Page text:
RDM Group drives forward with launch of Adelaide facility
One of the UK’s leading forces in autonomous vehicles has invested in its first international facility in a bid to tap into a $billion market opportunity.
RDM Group has announced the opening of a technical office at Flinders University campus in Adelaide, which will be responsible for purchasing, sales and technology support as part of the firm’s expansion into Australia and the Asia-Pacific region.
The company, which employs over 60 people at its headquarters in Coventry, has also appointed Roger van der Lee as Autonomous Programme Director and he will be responsible for overseeing the set-up, developing a supply chain and exploring possible contracts with the Government, Education and the private sector.
It is an ambitious move for the firm, but one it has taken after four months of discussions with the Australian Driverless Vehicle Initiative (ADVI) and showcasing its ‘Pod Zero’ autonomous vehicle at ITS Melbourne and a number of other major exhibitions and events.
“There is massive demand for creating autonomous mobility solutions in Australia and we want to make sure our technology is at the forefront of any new developments,” explained David Keene, CEO of RDM Group.
“Our ‘Pod Zero’ vehicle has been generating a lot of interest ‘down under’ and we have been in discussions with a number of end users that are willing to take part in trials to prove that it is an excellent ‘first and last mile’ transport solution.”
He continued: “With this in mind, we feel the opportunity deserves a local presence and we are delighted to have taken a technical office at Flinders University, opposite the world class Tonsley Innovation District.
“This will give us the base to develop an Australian supply chain and to explore new opportunities, with the longer-term plan to create a bespoke assembly facility in Adelaide that will supply vehicles direct to customers across the Asia-Pacific region.”
RDM’s ‘Pod Zero’ has been hitting the global headlines after completing its first totally autonomous trial at Cenex in the UK.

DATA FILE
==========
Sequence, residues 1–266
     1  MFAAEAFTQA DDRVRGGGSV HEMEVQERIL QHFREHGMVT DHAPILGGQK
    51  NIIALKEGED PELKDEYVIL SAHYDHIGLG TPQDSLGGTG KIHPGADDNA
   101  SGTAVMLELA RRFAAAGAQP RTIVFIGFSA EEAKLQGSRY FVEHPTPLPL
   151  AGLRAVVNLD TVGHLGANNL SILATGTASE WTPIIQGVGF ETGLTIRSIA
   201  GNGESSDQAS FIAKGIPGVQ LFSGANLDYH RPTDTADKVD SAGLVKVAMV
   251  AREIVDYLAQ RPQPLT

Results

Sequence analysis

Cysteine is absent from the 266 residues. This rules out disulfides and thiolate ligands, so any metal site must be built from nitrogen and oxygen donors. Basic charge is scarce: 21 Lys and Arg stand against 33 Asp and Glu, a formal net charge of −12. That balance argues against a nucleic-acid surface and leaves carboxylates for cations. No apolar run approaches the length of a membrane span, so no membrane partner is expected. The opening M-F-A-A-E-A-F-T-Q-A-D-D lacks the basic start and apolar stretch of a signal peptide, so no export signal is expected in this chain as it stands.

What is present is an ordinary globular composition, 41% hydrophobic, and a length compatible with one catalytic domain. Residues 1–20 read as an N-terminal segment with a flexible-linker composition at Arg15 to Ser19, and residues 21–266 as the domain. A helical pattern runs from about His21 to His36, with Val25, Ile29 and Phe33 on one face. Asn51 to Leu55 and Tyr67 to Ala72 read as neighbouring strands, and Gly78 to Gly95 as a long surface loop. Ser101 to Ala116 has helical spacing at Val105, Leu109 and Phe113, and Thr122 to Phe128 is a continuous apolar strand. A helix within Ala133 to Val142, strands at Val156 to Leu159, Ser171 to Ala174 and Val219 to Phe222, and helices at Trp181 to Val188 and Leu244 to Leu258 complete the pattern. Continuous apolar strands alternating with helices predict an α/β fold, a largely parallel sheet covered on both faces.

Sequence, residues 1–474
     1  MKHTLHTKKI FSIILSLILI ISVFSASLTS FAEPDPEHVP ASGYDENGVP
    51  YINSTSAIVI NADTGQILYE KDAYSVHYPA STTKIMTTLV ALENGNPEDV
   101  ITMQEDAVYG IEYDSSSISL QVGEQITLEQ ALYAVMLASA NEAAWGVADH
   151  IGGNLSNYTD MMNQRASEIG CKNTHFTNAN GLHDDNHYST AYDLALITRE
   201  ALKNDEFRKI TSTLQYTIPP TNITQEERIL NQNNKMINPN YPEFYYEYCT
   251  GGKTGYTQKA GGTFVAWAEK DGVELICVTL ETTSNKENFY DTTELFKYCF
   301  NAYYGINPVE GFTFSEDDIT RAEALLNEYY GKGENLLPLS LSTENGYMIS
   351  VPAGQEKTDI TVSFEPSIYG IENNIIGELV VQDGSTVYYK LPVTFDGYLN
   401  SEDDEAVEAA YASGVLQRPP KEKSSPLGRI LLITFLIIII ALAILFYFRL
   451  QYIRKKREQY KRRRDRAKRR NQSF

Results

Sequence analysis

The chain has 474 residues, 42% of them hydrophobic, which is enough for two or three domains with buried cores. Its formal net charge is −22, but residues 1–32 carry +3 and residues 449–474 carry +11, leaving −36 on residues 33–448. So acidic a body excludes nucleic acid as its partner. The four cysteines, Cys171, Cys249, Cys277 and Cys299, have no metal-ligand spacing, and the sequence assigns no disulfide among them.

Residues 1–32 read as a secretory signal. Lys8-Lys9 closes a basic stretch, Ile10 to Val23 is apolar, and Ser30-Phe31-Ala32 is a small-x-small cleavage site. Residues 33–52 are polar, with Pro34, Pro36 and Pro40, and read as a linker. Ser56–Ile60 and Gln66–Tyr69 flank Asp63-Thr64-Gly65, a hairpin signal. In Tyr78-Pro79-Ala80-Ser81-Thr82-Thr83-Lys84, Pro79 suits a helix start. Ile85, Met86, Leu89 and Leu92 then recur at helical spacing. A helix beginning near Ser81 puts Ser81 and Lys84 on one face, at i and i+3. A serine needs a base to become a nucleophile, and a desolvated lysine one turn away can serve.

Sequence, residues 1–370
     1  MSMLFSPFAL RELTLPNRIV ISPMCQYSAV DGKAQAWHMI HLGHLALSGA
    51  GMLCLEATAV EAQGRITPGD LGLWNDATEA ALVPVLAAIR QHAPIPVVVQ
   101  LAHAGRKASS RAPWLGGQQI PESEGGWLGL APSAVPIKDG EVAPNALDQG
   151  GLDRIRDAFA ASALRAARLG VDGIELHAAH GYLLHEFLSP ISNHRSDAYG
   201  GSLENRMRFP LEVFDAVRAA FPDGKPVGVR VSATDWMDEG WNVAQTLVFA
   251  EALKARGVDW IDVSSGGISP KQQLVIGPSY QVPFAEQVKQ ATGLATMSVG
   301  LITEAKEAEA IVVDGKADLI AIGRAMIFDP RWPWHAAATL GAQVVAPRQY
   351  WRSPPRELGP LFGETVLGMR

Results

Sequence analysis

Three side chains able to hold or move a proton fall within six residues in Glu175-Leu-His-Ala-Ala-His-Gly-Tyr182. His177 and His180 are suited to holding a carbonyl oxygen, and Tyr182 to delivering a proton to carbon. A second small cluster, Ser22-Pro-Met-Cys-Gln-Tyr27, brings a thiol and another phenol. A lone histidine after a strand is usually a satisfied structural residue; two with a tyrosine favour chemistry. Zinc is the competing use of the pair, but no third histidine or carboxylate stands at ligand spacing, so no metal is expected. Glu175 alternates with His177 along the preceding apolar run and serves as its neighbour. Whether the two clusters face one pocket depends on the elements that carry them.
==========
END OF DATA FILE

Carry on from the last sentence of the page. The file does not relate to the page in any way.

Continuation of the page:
With a top speed of 15mph off highway, an operational range of 60 miles and four & eight-seater variants, it is attracting the attention of local authorities, universities, airports, theme parks and shopping centres keen to explore possible ‘first and last mile’ transport solutions.
The company’s expansion into Australia will be driven by Roger van de Lee, who has nearly 30 years’ experience working across various engineering, innovation and Government positions.
His most recent role was in the development of Green Distillation Technologies, a Melbourne-based start-up that pioneered a way of recycling end of life car and truck tyres into saleable commodities.
He brings a diversity of leadership and project experience in manufacturing and automotive to RDM Group, as well as a track record in delivering national and international contracts across the public and private sector.
“The Australian automotive sector has seen a difficult period in recent years, with many major OEMs deciding to close operations and move elsewhere. This has left a void and I believe that we are in an ideal position to create a new modern industry around the development of autonomous vehicles,” explained Roger.
“This is why the RDM Group opportunity is so exciting. The company is already well ahead of many of its rivals in how to design and build driverless vehicles and, with my network of contacts and experience in developing supply chains, we have a fantastic opportunity to become a leading supplier of transport solutions in Australia and the Asia-Pacific region.
“Our Adelaide office is the first step in a plan that will hopefully see us build a bespoke assembly facility where we can build hundreds of autonomous pods every year.”
As part of its international expansion, RDM Group has lodged an application to The South Australian Government’s Au$10m Future Mobility Lab Fund, which is designed to boost local testing and R&D on connected and autonomous vehicle technologies.
Australian Transport and Infrastructure Minister Stephen Mullighan MP added his support:
“I met with RDM in London last year and explained the strong position South Australia has to offer this new industry.
“The company’s decision to open its Asia-Pacific headquarters in Adelaide is a resounding show of support for the South Australian Government’s efforts to stimulate this growing sector which is expected to be worth $90 billion globally by 2020.”